1. Although most of us ordinary folk, even the youngsters, use Mandarin widely in our everyday life, our foundation of the language is in no way comparable to our seniors. I feel that many young Singaporeans these days have yet to develop a deep understanding of Chinese history and values. This might be related to the different underlying motivation for learning Chinese.

  1. Here's an amusing illustration. Movies are becoming increasingly entertaining and convincing. So much so that, many youngsters mistakenly believed that the movie character Huang Feihong of Foshan really was acquainted with Mr Sun Yatsen, and even played a key role in the 1911 Revolution.

  1. There are yet others, obsessed with Louis Cha's "The Heaven Sword and the Dragon Sabre", who actually believe that there existed a Ming Cult leader by the name of Zhang Wuji, who gave up the throne to Zhu Yuanzhang, all because he was in love with Zhao Min.

  1. In my opinion, if we are interested in the Chinese language because of pop culture or for economic reasons, it would be a great pity, for we would then lose an invaluable and unique heritage, one of more than five thousand years' worth of history, values and wisdom.

  1. Hence, I am heartened by the support for a tertiary education programme with such high standard and depth, and the batch after batch of outstanding graduates it produces. At this juncture, allow me to quote from Director Jack Neo; in my eyes, each and everyone of you here are not only the "jingying" (elite) of our nation, but also our "jinghua" (essence), ie, you fully appreciate the essence of Chinese.

  1. Be it in Singapore, or in the countries in our region, learning Chinese is all the rage now. And we enjoy all the favourable conditions: timeliness, referring to the rise of China; geographical advantage, referring to Singapore’s proximity to China; and harmonious human factors, referring to our being the descendents of early Chinese migrants and now playing hosts to new migrants from China.

  1. In the Zhenghua Constituency for which I am a Member of Parliament, there are many new migrants from China. I am inviting them to set up Chinese learning and social clubs under the umbrella of my grassroot organisations. First of all, this could help them integrate into our communities. Secondly, they could help with the enrichment of our residents’ understanding of the Chinese language and culture.

  1. Besides the practical benefits to be gained from studying the Chinese language, let us not forget the pleasure and satisfaction that this can bring. Our oldest graduand this year is a 76 year old gentleman, Mr Tan Woo Teck. Mr Tan’s active engagement in learning at university level should inspire all of us, and to his credit, while he is receiving his Bachelor’s degree today, he is also currently pursuing his BNU Masters degree at UniSIM.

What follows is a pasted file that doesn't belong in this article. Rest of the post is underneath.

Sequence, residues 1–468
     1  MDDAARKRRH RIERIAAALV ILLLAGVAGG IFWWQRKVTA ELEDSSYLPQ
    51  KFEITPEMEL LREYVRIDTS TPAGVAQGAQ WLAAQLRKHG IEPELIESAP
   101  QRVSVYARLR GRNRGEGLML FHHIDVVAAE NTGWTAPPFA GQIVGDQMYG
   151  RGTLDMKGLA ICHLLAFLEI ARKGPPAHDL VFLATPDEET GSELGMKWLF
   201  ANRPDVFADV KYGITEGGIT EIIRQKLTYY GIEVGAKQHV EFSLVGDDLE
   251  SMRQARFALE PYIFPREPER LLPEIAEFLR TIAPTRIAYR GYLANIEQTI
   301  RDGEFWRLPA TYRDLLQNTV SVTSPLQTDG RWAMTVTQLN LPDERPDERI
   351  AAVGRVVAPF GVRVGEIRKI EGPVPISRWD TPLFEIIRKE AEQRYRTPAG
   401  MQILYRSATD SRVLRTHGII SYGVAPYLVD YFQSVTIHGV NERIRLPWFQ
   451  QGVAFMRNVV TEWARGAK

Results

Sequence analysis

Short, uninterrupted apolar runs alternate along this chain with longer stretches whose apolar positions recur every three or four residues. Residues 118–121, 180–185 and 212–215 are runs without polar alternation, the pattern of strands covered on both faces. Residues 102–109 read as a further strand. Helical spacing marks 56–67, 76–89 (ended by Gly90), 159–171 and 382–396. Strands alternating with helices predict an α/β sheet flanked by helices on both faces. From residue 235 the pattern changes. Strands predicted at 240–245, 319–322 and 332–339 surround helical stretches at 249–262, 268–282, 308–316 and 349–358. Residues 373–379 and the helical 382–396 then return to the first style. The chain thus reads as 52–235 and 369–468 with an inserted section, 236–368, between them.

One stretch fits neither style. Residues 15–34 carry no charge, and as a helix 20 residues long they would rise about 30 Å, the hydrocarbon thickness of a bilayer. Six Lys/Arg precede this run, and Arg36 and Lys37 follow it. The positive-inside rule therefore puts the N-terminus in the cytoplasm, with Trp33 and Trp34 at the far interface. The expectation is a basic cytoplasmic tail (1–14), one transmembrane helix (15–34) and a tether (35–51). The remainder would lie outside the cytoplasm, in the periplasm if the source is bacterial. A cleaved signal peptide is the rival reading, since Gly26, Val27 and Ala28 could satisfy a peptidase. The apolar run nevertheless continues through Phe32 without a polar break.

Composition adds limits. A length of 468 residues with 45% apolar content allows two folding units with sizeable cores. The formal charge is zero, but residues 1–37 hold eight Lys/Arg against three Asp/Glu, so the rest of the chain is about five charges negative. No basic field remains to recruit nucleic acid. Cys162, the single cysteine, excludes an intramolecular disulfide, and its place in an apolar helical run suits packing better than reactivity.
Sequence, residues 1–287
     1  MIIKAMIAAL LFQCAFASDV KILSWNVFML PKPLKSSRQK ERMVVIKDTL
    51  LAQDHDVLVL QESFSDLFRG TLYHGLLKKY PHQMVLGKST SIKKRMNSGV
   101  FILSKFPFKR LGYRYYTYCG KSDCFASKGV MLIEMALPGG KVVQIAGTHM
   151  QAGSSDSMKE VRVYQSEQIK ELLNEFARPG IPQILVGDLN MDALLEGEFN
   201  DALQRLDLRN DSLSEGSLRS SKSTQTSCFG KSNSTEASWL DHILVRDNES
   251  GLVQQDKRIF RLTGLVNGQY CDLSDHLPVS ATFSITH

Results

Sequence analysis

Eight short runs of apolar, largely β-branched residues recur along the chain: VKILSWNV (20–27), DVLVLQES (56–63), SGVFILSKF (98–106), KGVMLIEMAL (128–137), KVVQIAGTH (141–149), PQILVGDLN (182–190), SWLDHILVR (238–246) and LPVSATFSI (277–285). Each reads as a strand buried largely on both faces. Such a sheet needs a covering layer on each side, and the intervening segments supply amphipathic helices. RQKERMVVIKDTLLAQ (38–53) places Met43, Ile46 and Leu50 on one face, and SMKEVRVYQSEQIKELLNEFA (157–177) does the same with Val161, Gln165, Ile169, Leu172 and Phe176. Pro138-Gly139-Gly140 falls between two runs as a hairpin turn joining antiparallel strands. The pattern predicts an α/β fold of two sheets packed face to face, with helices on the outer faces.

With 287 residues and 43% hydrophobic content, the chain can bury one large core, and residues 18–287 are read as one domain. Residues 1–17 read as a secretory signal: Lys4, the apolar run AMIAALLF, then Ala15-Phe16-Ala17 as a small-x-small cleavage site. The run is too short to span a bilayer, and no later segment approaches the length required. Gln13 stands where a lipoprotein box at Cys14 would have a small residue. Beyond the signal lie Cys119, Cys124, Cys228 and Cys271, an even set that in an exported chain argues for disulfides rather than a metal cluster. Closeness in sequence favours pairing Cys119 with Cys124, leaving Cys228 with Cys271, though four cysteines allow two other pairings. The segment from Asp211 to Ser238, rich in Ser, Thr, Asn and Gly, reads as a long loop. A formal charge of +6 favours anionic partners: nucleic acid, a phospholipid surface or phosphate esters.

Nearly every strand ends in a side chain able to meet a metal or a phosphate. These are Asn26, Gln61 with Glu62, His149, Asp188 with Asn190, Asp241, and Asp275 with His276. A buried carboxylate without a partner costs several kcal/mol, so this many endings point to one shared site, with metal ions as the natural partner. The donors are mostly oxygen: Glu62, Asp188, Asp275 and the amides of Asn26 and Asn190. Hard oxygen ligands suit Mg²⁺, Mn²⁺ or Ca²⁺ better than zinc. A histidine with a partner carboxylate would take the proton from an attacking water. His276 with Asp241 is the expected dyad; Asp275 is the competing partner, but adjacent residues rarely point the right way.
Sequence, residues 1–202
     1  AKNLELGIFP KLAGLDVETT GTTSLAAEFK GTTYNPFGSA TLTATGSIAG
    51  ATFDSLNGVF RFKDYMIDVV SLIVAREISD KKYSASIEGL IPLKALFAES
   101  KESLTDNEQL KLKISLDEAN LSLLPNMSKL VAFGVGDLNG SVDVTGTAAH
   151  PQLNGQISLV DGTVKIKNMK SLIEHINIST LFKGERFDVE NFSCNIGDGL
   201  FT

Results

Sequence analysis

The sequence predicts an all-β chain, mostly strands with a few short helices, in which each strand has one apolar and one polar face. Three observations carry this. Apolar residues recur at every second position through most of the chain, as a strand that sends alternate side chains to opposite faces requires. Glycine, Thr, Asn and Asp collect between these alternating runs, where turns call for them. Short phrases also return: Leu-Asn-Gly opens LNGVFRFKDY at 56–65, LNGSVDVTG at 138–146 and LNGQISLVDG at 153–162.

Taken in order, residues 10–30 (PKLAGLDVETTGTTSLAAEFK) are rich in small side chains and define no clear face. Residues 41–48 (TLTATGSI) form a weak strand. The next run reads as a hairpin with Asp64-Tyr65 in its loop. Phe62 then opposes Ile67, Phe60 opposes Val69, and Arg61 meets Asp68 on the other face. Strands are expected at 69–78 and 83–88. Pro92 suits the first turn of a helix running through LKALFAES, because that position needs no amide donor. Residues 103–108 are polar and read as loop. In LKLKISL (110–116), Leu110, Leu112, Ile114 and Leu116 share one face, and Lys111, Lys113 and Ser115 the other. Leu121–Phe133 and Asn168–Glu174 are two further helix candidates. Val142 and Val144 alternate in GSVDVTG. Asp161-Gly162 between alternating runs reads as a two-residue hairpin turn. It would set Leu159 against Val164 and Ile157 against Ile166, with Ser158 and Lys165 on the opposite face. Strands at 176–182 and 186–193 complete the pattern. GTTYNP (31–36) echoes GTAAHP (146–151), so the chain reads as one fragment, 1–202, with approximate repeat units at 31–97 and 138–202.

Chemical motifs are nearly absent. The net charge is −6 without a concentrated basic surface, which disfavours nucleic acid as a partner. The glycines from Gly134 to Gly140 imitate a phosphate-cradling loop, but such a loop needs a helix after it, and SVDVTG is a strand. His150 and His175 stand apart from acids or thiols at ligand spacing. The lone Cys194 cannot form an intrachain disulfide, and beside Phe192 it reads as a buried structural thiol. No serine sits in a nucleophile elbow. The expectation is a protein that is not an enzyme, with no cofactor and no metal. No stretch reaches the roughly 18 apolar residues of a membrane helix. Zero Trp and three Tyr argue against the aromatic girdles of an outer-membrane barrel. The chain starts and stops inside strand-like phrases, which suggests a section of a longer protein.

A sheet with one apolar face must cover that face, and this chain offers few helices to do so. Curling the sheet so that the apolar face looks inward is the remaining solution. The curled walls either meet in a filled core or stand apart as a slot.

1. Also graduating today is Mr Leong Horn Kee, a former Member of Parliament and current Ambassador to Mexico. Mr Leong came from an English educated background but enrolled in the programme to improve his Mandarin and knowledge of the Chinese culture and literature. Interestingly, Mr Tan and Mr Leong knew each other way back in the 80's when Mr Tan was Mr Leong's Mandarin tutor. Mr Leong's enrolment in the BNU programme then piqued Mr Tan’s interest to enrol as well. The moral of the story is never underestimate the influence a teacher can have on his students nor can you underestimate the influence a student can have on his teacher. Their mutual respect for, and encouragement to, each other, and their common passion for the Chinese language is indeed inspiring.

  1. Mr Tan and Mr Leong are the best embodiments of the spirit of lifelong learning. Even during these tough economic times, the Singapore Government is sparing no effort and expenses to encourage and incentivise Singaporeans to train and retrain. The motive is of course largely practical and for survival. But as we all know, learning is basic to the long-term survival of the human race and if we enjoy learning, the journey will be easier and more meaningful.

  1. Finally, as a parting note, I would like to encourage all of you to keep in close touch with your alma mater. As adult learners, you have benefited from the opportunities offered by UniSIM. I hope this will motivate you to want to give back to UniSIM your time and experiences in order to help others like you to realize their dreams. I believe UniSIM through its alumni provides many avenues for you to be engaged with them and with other adult learners.

  1. Once more, congratulations, and thank you for inviting me. I wish you good health, success and a bright, fulfilling future.

  1. Thank you.